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KWS in the News


The Standard   08 Oct, 2009
A mention of hell conjures up images of fire and eternal suffering as opposed to heaven and its depiction of bliss and plenty. So, a hell exists in the Rift Valley, so named because of the "hot" activities there. Forces from the earth’s belly push hot steam and geysers from deep underground and the activities are ceaseless ...
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The Standard   07 Oct, 2009
A charging elephant almost ended her life barely a year after she was employed as a Kenya Wildlife Service (KWS) ranger over a decade ago....
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Nation Daily   06 Oct, 2009
Kenya Wildlife Service has adopted a new marketing strategy to boost tourism in four of its less performing national parks. Among them is the use of unique terrains and forests as attraction features to potential visitors. ...
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Daily Nation   30 Sep, 2009
Kenya wants a total ban on ivory trade after a big consignment of tusks was intercepted as it was smuggled out through the country’s main airport....
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Business Daily   29 Sep, 2009
Animals are becoming bolder and more violent as the effects of climate change take their toll on them. Hippopotamus have been witnessed eating fruits on farms such as pawpaws and bananas, while elephants have become more violent. Dr Judith Nyunja, a senior scientist at the Kenya Wildlife Service (KWS), said some animals were altering their behaviour to adapt to the changing climate. ...
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The Standard   28 Sep, 2009
Most illegal ivory from Kenya heads to China, placing elephants and rhinos at risk, Kenya Wildlife Service (KWS) has said. Some 90 per cent of the illegal ivory is exported to China, which offers a lucrative market. ...
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BBC   28 Sep, 2009
Smoke rises from fires in Kenya's Mau forest. The destruction of the canopy by farmers and loggers has triggered an environmental disaster - with millions of people downstream suffering from water shortages. ...
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BBC   28 Sep, 2009
At the edges of Kenya's Lake Nakuru, Paul Opiyo picks up a dead flamingo and warns some eager tourists not to touch it, just in case. He points down to his feet - the brown earth is speckled with brittle white feather shafts. ...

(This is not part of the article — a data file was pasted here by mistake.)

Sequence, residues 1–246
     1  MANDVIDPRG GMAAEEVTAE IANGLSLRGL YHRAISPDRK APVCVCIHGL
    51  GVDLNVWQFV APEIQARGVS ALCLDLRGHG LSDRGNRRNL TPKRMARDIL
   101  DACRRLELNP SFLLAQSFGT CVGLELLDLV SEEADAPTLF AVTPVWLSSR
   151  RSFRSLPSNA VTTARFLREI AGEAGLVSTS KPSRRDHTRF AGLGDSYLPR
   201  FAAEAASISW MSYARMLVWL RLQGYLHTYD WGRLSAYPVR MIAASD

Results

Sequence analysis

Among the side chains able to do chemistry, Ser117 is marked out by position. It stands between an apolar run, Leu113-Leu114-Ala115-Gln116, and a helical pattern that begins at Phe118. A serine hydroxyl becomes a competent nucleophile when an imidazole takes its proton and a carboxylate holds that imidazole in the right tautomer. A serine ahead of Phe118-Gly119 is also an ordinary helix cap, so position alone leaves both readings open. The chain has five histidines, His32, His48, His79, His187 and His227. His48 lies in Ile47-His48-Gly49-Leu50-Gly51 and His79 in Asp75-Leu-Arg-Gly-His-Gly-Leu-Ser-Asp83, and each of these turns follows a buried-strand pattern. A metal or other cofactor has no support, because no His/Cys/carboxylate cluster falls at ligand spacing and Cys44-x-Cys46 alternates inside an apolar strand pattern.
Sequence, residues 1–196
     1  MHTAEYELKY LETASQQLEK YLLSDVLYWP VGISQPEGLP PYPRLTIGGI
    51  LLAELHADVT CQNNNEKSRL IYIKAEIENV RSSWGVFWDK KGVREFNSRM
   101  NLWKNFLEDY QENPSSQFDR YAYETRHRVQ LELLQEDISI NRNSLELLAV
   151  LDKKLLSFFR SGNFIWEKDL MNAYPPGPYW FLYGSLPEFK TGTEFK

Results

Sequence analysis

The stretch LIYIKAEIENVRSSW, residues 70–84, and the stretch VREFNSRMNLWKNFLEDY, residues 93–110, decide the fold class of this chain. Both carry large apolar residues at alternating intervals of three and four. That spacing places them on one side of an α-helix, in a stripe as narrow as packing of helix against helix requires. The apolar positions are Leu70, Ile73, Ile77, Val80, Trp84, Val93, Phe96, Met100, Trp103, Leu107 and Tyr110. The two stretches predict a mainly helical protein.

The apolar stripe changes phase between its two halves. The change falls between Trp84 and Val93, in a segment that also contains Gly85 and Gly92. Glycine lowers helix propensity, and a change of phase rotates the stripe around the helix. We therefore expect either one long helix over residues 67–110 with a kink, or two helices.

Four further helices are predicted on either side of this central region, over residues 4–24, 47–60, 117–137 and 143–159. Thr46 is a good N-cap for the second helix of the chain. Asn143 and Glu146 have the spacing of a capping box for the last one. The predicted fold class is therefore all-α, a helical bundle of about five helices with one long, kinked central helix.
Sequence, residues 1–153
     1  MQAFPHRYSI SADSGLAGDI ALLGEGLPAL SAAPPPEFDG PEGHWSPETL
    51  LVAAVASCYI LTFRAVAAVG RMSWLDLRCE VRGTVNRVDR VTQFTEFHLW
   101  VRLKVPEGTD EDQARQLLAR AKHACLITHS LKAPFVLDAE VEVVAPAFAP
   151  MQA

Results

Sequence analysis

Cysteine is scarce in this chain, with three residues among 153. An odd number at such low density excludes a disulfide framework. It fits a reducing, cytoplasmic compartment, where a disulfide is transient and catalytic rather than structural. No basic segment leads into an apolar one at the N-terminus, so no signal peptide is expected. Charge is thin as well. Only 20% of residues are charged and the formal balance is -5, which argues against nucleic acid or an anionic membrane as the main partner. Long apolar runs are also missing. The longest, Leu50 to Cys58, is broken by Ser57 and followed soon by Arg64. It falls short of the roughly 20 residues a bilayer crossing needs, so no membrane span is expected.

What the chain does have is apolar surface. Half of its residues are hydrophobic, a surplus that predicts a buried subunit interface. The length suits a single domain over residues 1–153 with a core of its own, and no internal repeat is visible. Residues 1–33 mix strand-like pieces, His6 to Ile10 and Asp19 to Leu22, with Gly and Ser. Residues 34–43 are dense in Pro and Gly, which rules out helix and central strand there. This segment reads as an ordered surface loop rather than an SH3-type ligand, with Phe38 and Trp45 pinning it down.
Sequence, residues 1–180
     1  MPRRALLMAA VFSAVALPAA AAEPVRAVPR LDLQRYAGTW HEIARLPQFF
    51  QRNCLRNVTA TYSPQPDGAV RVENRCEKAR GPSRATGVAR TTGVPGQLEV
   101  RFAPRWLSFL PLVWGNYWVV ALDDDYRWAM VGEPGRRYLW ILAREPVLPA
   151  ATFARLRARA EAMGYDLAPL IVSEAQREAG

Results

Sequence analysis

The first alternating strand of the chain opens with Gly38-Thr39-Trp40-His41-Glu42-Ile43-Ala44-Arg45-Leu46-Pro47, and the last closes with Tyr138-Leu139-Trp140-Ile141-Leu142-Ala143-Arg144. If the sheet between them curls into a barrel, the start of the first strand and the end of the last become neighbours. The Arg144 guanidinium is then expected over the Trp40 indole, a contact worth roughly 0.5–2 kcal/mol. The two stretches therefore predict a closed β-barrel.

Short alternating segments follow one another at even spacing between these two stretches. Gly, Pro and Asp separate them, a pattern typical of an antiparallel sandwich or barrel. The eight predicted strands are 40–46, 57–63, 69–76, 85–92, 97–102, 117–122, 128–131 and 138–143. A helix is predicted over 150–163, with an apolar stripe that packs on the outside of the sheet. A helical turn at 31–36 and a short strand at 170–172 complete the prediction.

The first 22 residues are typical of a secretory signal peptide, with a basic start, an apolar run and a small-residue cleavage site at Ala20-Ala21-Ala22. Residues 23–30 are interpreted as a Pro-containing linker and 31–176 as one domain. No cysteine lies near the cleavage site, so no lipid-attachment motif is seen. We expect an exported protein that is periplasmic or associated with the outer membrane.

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The Standard   21 Sep, 2009
It is a rare event, where the only spectators are wild animals. Should anything happen to any of the participants mid-course, the quickest first-aid ‘assistant’ might be a hyena or a buffalo....
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The Standard   05 Sep, 2009
The Kenya Wildlife Service (KWS) is developing a policy to guide the farming, production and marketing of the lucrative sandalwood tree on commercial basis....
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Daily Nation   03 Sep, 2009
The placing of the last pole in the 400-kilometre electric fence around the Aberdare forest concluded a two-decade exercise that was a pure blend of patience, sacrifice and adventure. The stakeholders’ patience was stretched to the farthest limit by the numerous challenges and outright risks that the exercise came with. ...
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The standard   23 Aug, 2009
A lion’s roar is thunderous. Its sight humbles even the elephant. Many tourists have flocked Kenya’s parks to catch a glimpse of the famed king of the jungle. ...
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Telegraph   18 Aug, 2009
Kenya is annually losing an average of 100 of its 2,000 lions due to growing human settlements, increasing farming, climate change and disease, according to the Kenya Wildlife Service....
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Business Daily   28 Jul, 2009
Local organisations have set up a kitty to boost the Mau forest rehabilitation bid. East African Breweries Limited (EABL), Nation Media Group (NMG), Kenya Wildlife Service (KWS), Green Belt Movement, and Equity Bank have commissioned an initiative to raise Sh300 million over the next three years, which will be used in the restoration of Mau forest....
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The Standard   20 Jul, 2009
Kenya’s elephant population has doubled following the international ban on trade of wildlife products....
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The East African   09 Jan, 2009
The Kenya Wildlife Service has been granted a commercial licence to fly tourists to Northern Kenya, setting the stage for the tapping of tourism potential in the far-flung areas of the country’s northern circuit. The one-year licence, given by the Kenya Civil Aviation Authority, has been gazetted and restricts flights to areas around Sibiloi National Park in Turkana, Marsabit National Park and Malka Mari National Park on the Ethiopia-Kenya border between Mandera and Moyale. ...
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National Geographic   08 May, 2008
Kenya has begun a great migration of 2,000 animals to a popular game park devastated by crime and poaching, wildlife officials have announced. In the 1970s Meru National Park, located in central Kenya, was "overrun" by bandits and poachers, leading to a drastic loss of wildlife, the officials said. ...
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